ESP8266 on batteries, discharge curves

So how long would a simple configuration last running on batteries…

Only one way to find out.

The circuit is very basic. An ESP12 module on a carrier, the required pull up/down resistors, and a HTU21D humidity/temperature sensor. Power source is 2 alkaline C-cells. No regulator, just powered direct from the batteries.

The two C-cells measured about 3.15V to start and the ESP data sheet says it runs down to 2.5V. Data is read from the sensor every 3-min then posted by UDP packet to a local Influx-DB on a Raspberry-Pi. UDP because its fast and the occasional lost packet is not an issue for this function.

This is the 1st (nearly) 6-months.

The steps at 1,2,3 were because when the ESP wakes up from sleep and tries to connect, on these occasions the local WiFi was missing so instead of just going back to sleep, it kept trying to connect. This had a significant impact on the battery. I found it interesting that after the battery takes a bigger discharge-hit, it recovers somewhat in the time after. This can be over several days or a week or more.

4 was when i decided to tweak the software and fix the constant-retries issue but then I discovered that a breaking-change happened when I upgraded from ESP (arduino) 2.74 to 3.02.

Now WiFi defaults to WiFi OFF at the start of a sketch so every connect takes longer. Another battery-hit from that one! Till I found the fix to change behaviour back to the old-method of WiFi ON at startup.

The green spikes are WiFi connect time. These vary considerably. This is a closer view of number 4 above.

Some connect times (in the early days) are over 10-sec which is a terrible waste of battery power. This is now changed so if no connection by 2.5-sec, it just goes back to sleep. No more retries if it fails (1,2,3 above), it now just shuts-down and tries again later. 2.5-sec is probably still too high as the green spikes for connect times are about 1.2-sec. It looks like if its not connected by 1.5-sec then its not going to happen is a sensible timescale.

This is 24hrs at the head of the graph. Almost all of the connect times are 253ms. This is slightly longer after the V3.02 changes. 247ms was the V2.74 baseline. Sometimes a 1.2-sec connection but the vast majority are pretty fast. Some gaps due to missing packets which could be because its UDP (and not a great environment), or possibly >2.5-sec WiFi timeouts. The time is measured from when millis() starts counting (prior to the user sketch beginning) till just before the UDP post.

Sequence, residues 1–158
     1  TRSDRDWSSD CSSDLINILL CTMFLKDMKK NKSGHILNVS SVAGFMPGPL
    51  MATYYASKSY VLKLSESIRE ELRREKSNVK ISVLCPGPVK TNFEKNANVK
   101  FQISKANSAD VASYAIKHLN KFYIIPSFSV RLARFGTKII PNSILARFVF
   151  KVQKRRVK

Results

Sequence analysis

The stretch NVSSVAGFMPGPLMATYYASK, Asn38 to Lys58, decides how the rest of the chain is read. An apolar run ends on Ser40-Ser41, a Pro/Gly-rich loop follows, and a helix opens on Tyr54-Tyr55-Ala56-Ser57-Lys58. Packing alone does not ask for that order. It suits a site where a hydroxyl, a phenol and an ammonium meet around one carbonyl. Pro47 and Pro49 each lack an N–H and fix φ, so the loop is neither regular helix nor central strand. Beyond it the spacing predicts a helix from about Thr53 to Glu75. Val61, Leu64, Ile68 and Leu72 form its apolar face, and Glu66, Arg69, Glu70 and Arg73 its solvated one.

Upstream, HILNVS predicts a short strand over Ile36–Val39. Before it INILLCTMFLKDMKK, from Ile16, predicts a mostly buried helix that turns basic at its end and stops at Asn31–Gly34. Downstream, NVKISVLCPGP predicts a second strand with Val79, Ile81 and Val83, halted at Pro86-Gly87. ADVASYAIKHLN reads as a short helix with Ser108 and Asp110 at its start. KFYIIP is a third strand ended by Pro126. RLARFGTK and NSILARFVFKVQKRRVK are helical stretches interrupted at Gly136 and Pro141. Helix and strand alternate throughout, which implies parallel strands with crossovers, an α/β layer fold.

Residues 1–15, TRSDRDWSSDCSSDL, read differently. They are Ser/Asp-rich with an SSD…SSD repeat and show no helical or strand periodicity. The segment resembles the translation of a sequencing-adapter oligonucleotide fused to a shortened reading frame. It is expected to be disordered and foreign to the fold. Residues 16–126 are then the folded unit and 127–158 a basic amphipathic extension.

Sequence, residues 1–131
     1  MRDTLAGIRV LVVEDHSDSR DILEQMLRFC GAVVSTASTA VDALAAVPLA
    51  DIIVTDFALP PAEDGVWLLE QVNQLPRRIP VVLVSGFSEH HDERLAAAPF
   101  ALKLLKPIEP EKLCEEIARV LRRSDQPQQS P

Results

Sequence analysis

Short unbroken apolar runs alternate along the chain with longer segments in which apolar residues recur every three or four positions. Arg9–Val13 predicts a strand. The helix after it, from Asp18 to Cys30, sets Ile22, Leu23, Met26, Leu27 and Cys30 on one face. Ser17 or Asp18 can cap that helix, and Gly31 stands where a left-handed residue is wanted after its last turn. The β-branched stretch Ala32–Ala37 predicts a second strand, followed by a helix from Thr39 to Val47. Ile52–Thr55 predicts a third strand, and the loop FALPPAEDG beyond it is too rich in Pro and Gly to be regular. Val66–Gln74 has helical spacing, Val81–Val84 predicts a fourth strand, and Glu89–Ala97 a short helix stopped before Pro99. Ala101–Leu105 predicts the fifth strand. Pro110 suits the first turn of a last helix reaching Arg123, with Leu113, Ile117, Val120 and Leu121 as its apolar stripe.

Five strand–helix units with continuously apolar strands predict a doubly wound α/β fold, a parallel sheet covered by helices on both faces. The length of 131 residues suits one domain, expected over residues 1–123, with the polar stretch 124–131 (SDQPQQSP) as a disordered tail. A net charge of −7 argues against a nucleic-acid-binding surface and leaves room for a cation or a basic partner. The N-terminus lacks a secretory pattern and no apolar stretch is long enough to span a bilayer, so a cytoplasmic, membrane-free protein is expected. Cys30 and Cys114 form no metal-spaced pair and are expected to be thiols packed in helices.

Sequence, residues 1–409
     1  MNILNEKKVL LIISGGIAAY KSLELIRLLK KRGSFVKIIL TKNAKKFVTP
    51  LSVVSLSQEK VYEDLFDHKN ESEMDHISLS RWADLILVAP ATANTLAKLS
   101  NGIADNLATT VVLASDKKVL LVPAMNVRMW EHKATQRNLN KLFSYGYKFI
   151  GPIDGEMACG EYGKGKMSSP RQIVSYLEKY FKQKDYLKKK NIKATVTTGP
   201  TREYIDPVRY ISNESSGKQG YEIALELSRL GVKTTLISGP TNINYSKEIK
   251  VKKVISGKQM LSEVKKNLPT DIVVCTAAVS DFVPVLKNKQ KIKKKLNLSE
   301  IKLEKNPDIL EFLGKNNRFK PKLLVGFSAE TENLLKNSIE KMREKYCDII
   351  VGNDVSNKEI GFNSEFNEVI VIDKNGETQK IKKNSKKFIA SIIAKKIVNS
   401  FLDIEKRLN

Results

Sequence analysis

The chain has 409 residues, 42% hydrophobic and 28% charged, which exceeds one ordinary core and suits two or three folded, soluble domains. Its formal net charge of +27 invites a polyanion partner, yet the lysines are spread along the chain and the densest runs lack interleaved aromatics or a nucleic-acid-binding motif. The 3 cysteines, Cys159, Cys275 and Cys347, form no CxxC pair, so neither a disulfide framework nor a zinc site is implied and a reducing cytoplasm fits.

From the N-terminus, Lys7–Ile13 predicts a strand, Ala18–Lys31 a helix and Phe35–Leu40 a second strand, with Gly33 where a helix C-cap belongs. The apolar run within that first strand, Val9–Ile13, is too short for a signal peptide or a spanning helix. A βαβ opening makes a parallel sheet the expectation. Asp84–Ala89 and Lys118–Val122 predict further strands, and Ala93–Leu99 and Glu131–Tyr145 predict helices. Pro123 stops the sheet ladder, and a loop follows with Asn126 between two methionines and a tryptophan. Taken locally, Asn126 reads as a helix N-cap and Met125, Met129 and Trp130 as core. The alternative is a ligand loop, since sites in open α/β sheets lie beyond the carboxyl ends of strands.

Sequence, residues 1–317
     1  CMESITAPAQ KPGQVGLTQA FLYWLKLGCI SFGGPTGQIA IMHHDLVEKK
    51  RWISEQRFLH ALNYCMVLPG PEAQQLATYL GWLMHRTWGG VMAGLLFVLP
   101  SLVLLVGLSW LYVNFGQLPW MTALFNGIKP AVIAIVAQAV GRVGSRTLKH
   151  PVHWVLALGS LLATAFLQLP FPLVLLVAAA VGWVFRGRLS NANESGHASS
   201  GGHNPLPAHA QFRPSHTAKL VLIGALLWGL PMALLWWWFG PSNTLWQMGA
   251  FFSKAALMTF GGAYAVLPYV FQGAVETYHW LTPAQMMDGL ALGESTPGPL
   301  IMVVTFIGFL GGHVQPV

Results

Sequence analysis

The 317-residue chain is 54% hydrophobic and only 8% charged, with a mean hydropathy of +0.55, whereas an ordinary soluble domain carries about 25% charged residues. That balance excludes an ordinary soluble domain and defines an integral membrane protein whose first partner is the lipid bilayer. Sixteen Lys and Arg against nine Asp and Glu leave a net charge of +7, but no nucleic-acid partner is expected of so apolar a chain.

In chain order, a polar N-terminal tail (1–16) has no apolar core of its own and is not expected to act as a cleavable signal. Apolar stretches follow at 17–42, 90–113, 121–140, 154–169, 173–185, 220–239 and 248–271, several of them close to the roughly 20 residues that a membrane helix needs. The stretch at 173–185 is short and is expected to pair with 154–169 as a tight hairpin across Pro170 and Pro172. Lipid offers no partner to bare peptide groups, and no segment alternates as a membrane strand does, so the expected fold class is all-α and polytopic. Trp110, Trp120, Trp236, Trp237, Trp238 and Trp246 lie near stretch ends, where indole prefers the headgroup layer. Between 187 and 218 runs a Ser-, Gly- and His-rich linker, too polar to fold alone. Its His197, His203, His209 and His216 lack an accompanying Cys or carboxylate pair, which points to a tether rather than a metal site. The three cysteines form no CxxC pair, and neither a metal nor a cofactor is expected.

Now the constant-retries has been fixed, and the attempt-connect time reduced to 2.5-sec it seems believable that I might get a year from this set of batteries. Battery voltage is now down to 2.85V from the starting 3.15V.

The early discharge rate was quite steep due to a combination of software (constant retries) and the initial discharge behaviour of the batteries but this has flattened out now. The major step (1) in the first graph probably lost a month or more of runtime.

Apart from my dodgy software, its doing a lot better than I thought it would. Running a WiFi sensor from batteries had never seemed that practical to me but it looks like it is more realistic than I had initially thought. Maybe it will manage a year, maybe not. Time will tell.

One year later and still going…

6 thoughts on “ESP8266 on batteries, discharge curves

  1. I’ve searched for days and days for this articles this good. Can you say how to modify your code in the previous post that presumably works on 2.74 please? It doesn’t look very easy to go back to 2.74 now I’m on 3.02.

  2. Hi,
    I made a esp + ds18b20 + liion + small solar panel to measure outside temperature, but i never manage to have a small enough power draw: the battery runs out in a couple of months. Yours is a very documented and well done project. Could you please post the code using the htu21d sensor? I upload the values on thingspeak which i assume takes a lot and time (and power) but i just want to try your code.

    • Hi Dan,
      I will tidy it up and post it when time permits (within the next week I expect).
      Its very likely that the unit directly posting to Thingspeak is your problem. The connection time (ie time your device is awake) can easily be 2~3 seconds.
      A more battery-efficient way is to not post directly to the internet but to send the data to an intermediate device. An ESP01 or WeMos mini is fine for this. This device can be permanently powered and on the same network. It is this extra device that does the actual logging to Thingspeak. It does not matter if it takes many seconds as it is not on batteries.
      The battery powered device should not be awake more than 300ms if it is set up correctly.
      I set up my battery-powered unit to do a UDP post (because its very fast) to a collector unit (a wemos-mini) that receives the posts from multiple different sensors.
      I have been happy with the results which were better than expected.
      You have not mentioned your power-supply method.. How do you power your monitor from the battery? what type of regulator?
      The power-supply method can also be a issue as a constant low level parasitic battery drain can end up using as much as the circuit itself.
      This was the reason I ended up using 2 C-cells and no regulator. It acheived (so far) a year running time.
      Lipo’s self discharge about 4~5% a month. Alkaline cells are ~2% a year.

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